Fight for Freelancers

California assemblywoman Lorena Gonzalez is the author of Assembly Bill 5, aka AB5, that attempts to reclassify gig workers as W2 employees. There is some merit to this effort. However, the focus on freelance writers in AB5 shows a distinct lack of understanding about freelance writing. AB5 also reflects a serious lack of supporting research for applying conditions on freelance writers that are not put on any other type of work.

Understanding Freelance Writing

For many freelance writers, freelance writing means freedom. Freedom takes different forms for different people. For me freelance writing was the solution to escape smoke-filled offices. After graduating college I worked for two state agencies. One of these agencies was a state health department. Back then, smoking in the health department was common. Hard to believe, but true. Despite the daily assault from second-smoke, I was instrumental in developing a state-wide epidemiology reporting system — the first such statewide system in the United State. Subsequent jobs, including temporary work positions, were also polluted by second-hand smoke. The smoke was more than an annoyance. The smoke was a health hazard to me beyond what we now know about second-hand smoke. I had documented allergic reactions to second-hand smoke. For example, one temporary office job with smoke brought on bronchial spasms and a trip to the emergency room, then a fight with the employer through the state’s labor and industries unit about who was going to pay for the ER visit. I told the temporary work agency upfront that I was allergic to smoke and they did not do their due diligence to place me in a smoke-free workplace. In the end I won that battle.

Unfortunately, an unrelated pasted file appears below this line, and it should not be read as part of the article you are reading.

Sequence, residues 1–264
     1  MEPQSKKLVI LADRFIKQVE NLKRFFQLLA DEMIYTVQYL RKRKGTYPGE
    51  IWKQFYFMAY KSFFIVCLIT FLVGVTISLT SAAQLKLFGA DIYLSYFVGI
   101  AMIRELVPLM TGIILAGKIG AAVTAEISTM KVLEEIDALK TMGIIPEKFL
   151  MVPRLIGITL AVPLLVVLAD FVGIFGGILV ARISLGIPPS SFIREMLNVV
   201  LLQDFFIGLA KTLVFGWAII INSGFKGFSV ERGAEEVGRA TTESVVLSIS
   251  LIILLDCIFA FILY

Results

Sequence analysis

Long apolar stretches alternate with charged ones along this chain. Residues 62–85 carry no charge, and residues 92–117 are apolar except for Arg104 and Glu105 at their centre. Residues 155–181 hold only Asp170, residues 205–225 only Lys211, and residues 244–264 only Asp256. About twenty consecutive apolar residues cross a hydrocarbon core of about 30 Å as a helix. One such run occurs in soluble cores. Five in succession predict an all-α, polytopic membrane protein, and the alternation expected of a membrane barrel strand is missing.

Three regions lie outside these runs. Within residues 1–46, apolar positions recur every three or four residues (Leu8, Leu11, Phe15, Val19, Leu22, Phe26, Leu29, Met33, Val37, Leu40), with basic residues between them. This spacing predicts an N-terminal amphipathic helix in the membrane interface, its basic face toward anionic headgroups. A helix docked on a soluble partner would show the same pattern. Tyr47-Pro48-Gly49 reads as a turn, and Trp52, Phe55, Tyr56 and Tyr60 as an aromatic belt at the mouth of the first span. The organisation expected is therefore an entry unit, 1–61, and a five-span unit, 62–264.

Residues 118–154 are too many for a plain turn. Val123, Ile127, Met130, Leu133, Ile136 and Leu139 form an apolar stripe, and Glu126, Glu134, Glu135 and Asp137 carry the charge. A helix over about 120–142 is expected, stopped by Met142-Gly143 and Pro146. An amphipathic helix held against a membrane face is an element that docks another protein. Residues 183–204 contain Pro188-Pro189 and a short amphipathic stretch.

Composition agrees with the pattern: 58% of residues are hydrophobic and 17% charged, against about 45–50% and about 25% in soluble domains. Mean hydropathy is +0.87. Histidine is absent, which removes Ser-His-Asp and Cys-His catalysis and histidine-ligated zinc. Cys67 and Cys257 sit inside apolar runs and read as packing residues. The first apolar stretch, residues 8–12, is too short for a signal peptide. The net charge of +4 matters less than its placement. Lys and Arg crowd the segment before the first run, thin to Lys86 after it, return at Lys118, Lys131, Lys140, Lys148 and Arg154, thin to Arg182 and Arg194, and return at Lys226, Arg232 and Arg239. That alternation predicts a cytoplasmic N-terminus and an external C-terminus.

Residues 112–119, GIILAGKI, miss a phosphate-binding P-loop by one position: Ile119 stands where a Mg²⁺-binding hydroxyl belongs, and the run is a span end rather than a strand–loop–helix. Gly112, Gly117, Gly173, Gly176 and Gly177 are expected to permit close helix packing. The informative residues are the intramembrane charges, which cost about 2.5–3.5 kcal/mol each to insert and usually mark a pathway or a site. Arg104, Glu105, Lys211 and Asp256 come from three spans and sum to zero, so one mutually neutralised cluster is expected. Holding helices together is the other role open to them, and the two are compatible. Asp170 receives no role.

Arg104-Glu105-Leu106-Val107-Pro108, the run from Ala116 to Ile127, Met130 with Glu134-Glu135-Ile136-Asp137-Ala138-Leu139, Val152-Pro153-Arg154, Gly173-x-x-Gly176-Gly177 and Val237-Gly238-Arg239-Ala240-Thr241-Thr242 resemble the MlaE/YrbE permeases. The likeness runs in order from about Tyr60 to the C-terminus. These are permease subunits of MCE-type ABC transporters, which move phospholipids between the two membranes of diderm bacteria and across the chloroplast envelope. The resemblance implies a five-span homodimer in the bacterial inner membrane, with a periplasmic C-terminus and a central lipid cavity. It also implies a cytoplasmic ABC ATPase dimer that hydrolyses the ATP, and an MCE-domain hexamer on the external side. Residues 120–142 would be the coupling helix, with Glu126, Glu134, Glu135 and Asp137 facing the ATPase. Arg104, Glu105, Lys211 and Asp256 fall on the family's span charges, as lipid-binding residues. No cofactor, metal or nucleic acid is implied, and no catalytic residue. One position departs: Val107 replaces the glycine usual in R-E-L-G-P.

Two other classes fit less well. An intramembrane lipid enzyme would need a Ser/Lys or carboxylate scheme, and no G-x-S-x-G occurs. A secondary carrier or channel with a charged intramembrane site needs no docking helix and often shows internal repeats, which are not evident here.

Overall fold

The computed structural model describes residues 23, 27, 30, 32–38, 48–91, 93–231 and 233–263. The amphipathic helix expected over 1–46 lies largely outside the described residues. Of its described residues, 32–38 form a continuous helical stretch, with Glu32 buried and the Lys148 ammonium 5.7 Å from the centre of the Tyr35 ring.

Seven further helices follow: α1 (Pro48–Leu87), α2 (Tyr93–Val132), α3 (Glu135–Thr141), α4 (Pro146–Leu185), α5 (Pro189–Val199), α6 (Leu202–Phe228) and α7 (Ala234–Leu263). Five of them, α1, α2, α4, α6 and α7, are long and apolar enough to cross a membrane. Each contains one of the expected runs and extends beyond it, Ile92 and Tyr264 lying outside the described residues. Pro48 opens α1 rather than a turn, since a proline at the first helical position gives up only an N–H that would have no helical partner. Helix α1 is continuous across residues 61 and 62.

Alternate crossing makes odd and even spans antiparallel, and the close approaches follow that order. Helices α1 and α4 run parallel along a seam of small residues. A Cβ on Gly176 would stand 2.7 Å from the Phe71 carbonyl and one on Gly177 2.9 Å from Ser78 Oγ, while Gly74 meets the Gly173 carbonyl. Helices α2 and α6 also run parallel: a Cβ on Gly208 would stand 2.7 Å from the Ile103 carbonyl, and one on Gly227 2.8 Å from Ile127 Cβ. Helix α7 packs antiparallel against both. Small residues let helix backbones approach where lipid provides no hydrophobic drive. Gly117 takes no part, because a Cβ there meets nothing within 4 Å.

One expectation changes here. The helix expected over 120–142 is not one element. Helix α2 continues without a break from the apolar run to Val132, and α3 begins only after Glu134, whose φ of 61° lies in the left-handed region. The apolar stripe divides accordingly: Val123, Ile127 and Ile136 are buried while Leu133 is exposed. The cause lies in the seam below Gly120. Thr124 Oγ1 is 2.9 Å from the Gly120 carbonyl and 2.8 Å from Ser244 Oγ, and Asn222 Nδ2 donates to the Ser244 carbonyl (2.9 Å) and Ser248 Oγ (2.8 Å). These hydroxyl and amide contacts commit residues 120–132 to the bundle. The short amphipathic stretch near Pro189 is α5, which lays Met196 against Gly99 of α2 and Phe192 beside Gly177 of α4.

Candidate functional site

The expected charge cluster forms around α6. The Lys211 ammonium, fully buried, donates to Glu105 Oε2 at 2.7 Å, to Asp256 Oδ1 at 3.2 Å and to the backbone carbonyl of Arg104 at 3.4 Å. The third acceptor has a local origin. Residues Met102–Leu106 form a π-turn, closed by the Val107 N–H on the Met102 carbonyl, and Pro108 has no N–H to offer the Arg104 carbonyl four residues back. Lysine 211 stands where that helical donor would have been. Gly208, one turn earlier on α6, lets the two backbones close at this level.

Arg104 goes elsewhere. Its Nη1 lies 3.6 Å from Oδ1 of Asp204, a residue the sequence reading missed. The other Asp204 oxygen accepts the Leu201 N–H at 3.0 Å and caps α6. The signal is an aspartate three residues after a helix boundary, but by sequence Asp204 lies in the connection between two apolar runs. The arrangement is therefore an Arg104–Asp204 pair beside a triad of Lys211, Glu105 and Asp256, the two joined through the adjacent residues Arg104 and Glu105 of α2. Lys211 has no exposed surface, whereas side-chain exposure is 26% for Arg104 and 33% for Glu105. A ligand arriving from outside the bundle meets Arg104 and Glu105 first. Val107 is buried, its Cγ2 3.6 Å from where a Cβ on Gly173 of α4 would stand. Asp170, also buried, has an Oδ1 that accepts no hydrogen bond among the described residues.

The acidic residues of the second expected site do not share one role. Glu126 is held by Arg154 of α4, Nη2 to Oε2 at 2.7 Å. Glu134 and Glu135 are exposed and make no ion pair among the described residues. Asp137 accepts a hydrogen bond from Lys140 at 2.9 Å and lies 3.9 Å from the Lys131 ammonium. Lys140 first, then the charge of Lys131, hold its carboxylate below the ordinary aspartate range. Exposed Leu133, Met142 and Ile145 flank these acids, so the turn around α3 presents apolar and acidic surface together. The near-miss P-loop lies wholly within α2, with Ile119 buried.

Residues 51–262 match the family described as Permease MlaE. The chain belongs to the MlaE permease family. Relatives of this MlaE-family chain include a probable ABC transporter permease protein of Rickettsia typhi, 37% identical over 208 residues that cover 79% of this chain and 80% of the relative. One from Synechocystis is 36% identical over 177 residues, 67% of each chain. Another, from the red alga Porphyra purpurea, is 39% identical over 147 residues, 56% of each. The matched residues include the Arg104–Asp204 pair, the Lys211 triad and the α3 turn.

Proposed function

The smokey work solution for me was to work at home so I could control my work environment. Thus begun many years of hard work learning to write better and eventually getting into a a top-notch national writers organization. Along the way I wrote for national and regional publications. I wrote for one of the regional monthly publications for 12 years, sometimes several articles in each monthly issue.

Lack of supporting research